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Boogie with The Noogie: A Lost, Wild Season

So, what do you want to talk about?

Brace Hemmelgarn-USA TODAY Sports

I tweeted this out the other day. With how this Wild season has fallen apart, I feel as if I haven't seen a meaningful game of hockey in quite a long time. With the All-Star break over the weekend, and this teams track record the past couple months now, what is there to get excited for? Even the conversation around this team has grown stale. Fire this person, rip that letter, stop playing that guy where he is, fix the power play ... SHOOT!

I feel like we've been having this conversation for a long time now. The team gets just good enough to stir the fan base into a frenzy, raising expectations to levels we don't see from the men's professional sports around these parts (stick tap to the Minnesota Lynx for showing this state what winners look like). I'm not going to lie to you Wilderness, I'm struggling right now to keep my happy thoughts flowing around this squad. Even something as small as my man-crush on Alex Tuch is falling apart at the seams as I learned he started following Tony Dean on twitter and not me! I mean, did he not get the memo? Does he need a "Deantervention"? (I kid, I kid. Nothing but love for The Dean)

Since we're being honest here, I do have to say the idea to write a piece singing Tuch's praises in a jealous attempt to right this wrong has been very real in my mind. Yet, a "Suck Up to Tuch" headline just doesn't feel right. Nothing about this team feels right these days. Finding optimism in a sea of despair is tricky business. A lesson we should all take from our favorite squad for this season, this team hasn't produced a damn thing. They have made progress, but in the grand scheme of things, what have they done? Made the playoffs a couple years in a row? Oh boy! When's the parade!? They haven't won the Stanley Cup let alone the Conference, and our last Divisional title is so far removed now it's hard to count it as more than a one-time fluke.

This is a team that took a couple steps forward over the last few seasons, and taken one massive step backwards this season. Chuck Fletcher has made some great moves to bring in pieces in an attempt to build a winner, yet it's his misses that haunt us just when things are looking the brightest. It's those missteps and inaction that have played a big role in how this season has played out. Fletcher, ever looking towards the future has failed to see what was right in front of him, he has failed to live in the now.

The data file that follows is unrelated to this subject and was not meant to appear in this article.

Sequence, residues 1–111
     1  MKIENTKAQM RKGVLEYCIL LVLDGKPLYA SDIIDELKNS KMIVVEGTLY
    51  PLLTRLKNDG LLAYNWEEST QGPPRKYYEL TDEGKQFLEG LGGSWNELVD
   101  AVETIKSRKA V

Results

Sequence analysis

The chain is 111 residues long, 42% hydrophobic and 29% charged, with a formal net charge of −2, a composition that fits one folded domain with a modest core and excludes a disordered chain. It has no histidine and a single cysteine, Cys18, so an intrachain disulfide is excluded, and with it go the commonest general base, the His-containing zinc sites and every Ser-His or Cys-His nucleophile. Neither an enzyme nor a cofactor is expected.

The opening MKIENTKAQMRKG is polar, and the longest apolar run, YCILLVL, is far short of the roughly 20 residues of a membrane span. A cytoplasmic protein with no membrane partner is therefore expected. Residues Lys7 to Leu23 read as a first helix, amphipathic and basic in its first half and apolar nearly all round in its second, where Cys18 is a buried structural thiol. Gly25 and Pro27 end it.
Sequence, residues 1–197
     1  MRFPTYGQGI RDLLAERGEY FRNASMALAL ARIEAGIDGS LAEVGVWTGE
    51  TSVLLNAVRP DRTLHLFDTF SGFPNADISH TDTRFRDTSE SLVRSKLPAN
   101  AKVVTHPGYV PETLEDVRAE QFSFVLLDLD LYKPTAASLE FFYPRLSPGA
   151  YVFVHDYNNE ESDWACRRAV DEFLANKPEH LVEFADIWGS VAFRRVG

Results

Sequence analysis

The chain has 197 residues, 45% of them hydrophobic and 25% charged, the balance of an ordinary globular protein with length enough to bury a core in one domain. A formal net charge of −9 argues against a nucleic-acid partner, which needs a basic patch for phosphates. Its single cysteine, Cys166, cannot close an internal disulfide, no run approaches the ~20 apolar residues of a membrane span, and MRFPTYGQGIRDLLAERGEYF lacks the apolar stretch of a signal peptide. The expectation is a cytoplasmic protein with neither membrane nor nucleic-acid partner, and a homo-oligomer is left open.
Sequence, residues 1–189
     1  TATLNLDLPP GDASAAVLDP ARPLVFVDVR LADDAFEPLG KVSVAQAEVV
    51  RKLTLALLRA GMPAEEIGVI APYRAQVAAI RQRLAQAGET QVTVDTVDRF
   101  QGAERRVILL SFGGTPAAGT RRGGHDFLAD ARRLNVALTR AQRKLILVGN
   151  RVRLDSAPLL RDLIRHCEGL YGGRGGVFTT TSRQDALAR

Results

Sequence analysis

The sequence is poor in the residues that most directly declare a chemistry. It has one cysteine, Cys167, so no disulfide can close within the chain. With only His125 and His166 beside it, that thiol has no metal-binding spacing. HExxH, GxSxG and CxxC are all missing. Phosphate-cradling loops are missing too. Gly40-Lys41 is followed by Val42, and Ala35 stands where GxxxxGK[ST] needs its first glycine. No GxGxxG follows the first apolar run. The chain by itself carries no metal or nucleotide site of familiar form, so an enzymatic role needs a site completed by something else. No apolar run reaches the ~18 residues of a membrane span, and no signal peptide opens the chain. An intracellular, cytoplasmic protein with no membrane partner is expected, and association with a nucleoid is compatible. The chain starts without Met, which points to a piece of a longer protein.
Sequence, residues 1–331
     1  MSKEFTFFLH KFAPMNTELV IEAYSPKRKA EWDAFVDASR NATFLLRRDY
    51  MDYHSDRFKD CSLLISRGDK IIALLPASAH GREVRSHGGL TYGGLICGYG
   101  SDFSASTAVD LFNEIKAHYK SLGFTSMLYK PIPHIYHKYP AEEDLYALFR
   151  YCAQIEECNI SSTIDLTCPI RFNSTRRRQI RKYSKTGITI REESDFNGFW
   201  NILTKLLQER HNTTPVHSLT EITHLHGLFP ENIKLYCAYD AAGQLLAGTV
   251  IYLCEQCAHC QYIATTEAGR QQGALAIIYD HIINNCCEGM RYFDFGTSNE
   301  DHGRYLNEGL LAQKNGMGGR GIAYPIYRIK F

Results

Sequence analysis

Even his move to acquire a decent goaltender leaves much to be desired. Devan Dubnyk is very likely the Wild's best option between the pipes right now, but even he can't be expected to save a season that has been as destructive to the organization as any in recent history. The move, orchestrated by Fletcher, was simply put, window dressing on a terrible store front. The trade cost him essentially nothing he can't get back when the Wild officially become sellers in the next week or so for the looming trade deadline, and was made just so he could say that he tried, that he did something.

Coach Mike Yeo has shown glimpses of what he can do with this squad, changing up line combinations and giving some of the kids a chance to shine, and though they prove inconsistent at times, some have shown they're up to the task. Then the rug gets pulled out from under them as Yeo seems inclined to defer to the more seasoned guys, or start a Stu Bickel in place of Matt Dumba. Coming up with excuses like a players +/- rating, yet failing to apply that same logic on the elder statesmen of the squad. He seems more conscious about not rocking the boat than he does actually rolling out the best team possible.

I'm not asking Coach Yeo to call out his players publically either. That would be foolish, that's what we're here for and that's what the fans are for. Yeo singling out anyone for public flogging accomplishes nothing for the team but raising the tensions in the locker room. If Nate Prosser wants to get pissed at me for saying he's about as useful on the ice as a 2-ton anvil, so be it. Frankly, with how he plays I'm not sure I'd have much to be afraid of if we ever crossed paths in the mean streets of Elk River.